Minnesota Veterans took to Minnesota’s Capitol Hill in St. Paul on Tuesday, March 12 in an effort to lobby for important issues presented on the 2013 Minnesota legislative agenda.
Veterans Day on the Hill is a yearly initiative sponsored by the Minnesota Commanders’ Task Force, the United Veterans Legislative Council and the Minnesota Association of County Veterans Service Officers. This unified event is an effort to bring all Veterans together and meet with their legislative representatives to ask for support on initiatives that impact Minnesota Veterans and their families.
How do you simplify an intricate procedure?
The answer is taking the method and making it leaner for everyday performance.
Lynn and Paul Sansale, owners of Rescue Dog Art, enlisted the help of Mike Frattallone, of Frattallone ACE Hardware stores, to sell 1,000 of their 2013 Rescued Heroes calendars in his Twin City stores. “I am just lucky to be the only retail site that all the calendars sold at,” said Frattallone. “Gail Rosenblum with the Star Tribune wrote the first story on this and that same day we had people lined up to buy the calendars.”
It’s no secret that women have long served in the military. As far back as the Civil War, women served - not officially, but frequently alongside their husbands. During World War II, men were needed to fight so women were asked to serve in noncombatant jobs. Nearly 400,000 women served in the Army, Navy, Coast Guard, Marines, and civilian relief organizations in all types of jobs in order to free up males. Initially women were in the Women’s Army Auxiliary Corp (WAAC) - in that time women were not part of the military, but rather an auxiliary.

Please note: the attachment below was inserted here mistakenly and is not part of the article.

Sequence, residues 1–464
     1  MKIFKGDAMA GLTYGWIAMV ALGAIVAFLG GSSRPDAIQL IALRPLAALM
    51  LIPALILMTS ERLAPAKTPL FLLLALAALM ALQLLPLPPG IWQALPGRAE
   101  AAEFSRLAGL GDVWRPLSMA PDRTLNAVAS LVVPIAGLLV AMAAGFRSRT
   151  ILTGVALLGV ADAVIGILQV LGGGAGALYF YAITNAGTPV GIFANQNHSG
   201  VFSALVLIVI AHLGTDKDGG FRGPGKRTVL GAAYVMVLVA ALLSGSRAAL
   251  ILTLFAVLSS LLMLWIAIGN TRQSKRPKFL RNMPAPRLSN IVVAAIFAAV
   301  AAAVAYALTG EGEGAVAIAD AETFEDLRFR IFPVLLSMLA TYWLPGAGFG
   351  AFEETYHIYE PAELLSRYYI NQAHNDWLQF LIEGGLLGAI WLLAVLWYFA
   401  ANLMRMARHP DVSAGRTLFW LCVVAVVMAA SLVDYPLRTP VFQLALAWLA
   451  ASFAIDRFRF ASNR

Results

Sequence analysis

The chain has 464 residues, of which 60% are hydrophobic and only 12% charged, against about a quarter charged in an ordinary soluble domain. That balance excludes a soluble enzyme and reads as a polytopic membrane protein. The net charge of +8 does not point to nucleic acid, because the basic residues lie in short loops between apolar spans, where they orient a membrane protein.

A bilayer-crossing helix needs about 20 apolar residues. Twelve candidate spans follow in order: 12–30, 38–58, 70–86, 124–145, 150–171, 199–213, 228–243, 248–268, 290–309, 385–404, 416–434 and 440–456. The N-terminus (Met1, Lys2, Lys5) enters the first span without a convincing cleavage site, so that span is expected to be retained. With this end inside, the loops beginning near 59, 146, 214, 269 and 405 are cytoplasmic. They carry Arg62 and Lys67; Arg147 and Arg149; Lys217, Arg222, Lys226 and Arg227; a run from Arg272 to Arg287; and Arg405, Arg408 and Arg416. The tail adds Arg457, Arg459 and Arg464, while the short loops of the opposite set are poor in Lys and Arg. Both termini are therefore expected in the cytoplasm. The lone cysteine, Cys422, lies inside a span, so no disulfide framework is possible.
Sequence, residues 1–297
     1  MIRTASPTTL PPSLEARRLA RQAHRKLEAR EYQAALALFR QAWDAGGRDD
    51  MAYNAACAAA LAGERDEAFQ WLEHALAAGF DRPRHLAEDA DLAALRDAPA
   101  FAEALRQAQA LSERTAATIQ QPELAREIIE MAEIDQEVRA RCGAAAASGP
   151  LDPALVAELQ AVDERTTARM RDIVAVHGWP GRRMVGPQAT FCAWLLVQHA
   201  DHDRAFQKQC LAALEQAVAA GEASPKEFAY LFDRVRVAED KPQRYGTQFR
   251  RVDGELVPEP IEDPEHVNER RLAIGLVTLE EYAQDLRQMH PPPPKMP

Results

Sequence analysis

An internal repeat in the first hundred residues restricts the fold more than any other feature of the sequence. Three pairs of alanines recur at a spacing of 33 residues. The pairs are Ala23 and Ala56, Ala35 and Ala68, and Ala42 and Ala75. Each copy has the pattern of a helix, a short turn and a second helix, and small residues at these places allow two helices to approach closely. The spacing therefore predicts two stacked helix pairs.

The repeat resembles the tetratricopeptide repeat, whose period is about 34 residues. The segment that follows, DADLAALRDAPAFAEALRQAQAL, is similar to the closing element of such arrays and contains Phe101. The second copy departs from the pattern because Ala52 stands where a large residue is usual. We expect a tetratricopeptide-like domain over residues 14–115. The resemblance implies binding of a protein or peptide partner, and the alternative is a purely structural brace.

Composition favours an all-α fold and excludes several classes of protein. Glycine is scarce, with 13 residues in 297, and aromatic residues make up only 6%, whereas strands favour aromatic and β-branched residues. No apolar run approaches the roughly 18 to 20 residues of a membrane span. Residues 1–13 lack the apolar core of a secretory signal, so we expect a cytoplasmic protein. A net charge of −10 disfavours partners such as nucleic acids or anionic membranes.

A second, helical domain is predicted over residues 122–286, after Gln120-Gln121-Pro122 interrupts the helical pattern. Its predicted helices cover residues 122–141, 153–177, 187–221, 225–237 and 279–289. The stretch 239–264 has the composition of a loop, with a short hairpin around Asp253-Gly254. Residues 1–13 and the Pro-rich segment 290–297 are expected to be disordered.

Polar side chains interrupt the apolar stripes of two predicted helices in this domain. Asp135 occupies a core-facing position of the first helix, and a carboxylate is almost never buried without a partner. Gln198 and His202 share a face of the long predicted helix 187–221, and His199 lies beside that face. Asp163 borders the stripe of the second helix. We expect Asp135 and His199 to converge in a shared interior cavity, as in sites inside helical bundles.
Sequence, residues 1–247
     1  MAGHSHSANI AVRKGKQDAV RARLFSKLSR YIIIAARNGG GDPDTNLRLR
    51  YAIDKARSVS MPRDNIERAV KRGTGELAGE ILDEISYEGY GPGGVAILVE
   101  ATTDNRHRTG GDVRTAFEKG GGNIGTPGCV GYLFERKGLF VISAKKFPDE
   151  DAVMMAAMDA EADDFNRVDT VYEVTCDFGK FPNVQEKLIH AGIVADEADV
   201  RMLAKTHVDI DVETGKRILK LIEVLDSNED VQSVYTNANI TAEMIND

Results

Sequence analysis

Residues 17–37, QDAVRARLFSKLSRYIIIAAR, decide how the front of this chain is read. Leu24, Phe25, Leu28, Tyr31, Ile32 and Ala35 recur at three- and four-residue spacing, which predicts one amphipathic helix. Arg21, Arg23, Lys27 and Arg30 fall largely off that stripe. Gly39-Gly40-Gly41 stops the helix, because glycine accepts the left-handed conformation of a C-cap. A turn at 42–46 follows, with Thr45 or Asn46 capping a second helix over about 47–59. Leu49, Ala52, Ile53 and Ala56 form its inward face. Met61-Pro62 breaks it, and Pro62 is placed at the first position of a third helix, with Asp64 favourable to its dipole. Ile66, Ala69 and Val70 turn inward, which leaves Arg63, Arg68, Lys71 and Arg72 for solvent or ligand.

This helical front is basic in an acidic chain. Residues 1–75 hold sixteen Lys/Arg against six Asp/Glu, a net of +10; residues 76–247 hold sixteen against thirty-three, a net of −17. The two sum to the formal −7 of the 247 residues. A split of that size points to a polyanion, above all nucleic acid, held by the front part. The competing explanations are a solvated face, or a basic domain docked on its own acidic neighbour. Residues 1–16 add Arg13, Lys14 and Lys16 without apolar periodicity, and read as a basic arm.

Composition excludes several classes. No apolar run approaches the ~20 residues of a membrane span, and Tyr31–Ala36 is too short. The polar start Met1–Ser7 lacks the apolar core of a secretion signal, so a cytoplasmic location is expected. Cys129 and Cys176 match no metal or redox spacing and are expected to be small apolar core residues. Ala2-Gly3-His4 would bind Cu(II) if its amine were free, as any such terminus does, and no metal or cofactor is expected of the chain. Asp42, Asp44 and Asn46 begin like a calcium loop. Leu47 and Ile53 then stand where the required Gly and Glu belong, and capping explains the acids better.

This month’s newsletter highlights the Vietnam Veterans of America (VVA) and as a Vietnam Veteran and a member of the VVA, I want to make you aware of what will hopefully become a decade long recognition of the sacrifices these American heroes have made to our nation.
The treatment of our Vietnam Veterans is one of the darker moments in our nation’s history. When they came home, most Vietnam Veterans quickly learned to just be quiet, go to work and try to get back into a normal life, and even more quietly deal with their scars left from the war.
Vietnam Veterans of America (VVA) was founding principle is “Never again will one generation of Veterans abandon another.” They not only support each other, but they support the newest generations of America’s war Veterans that came after them.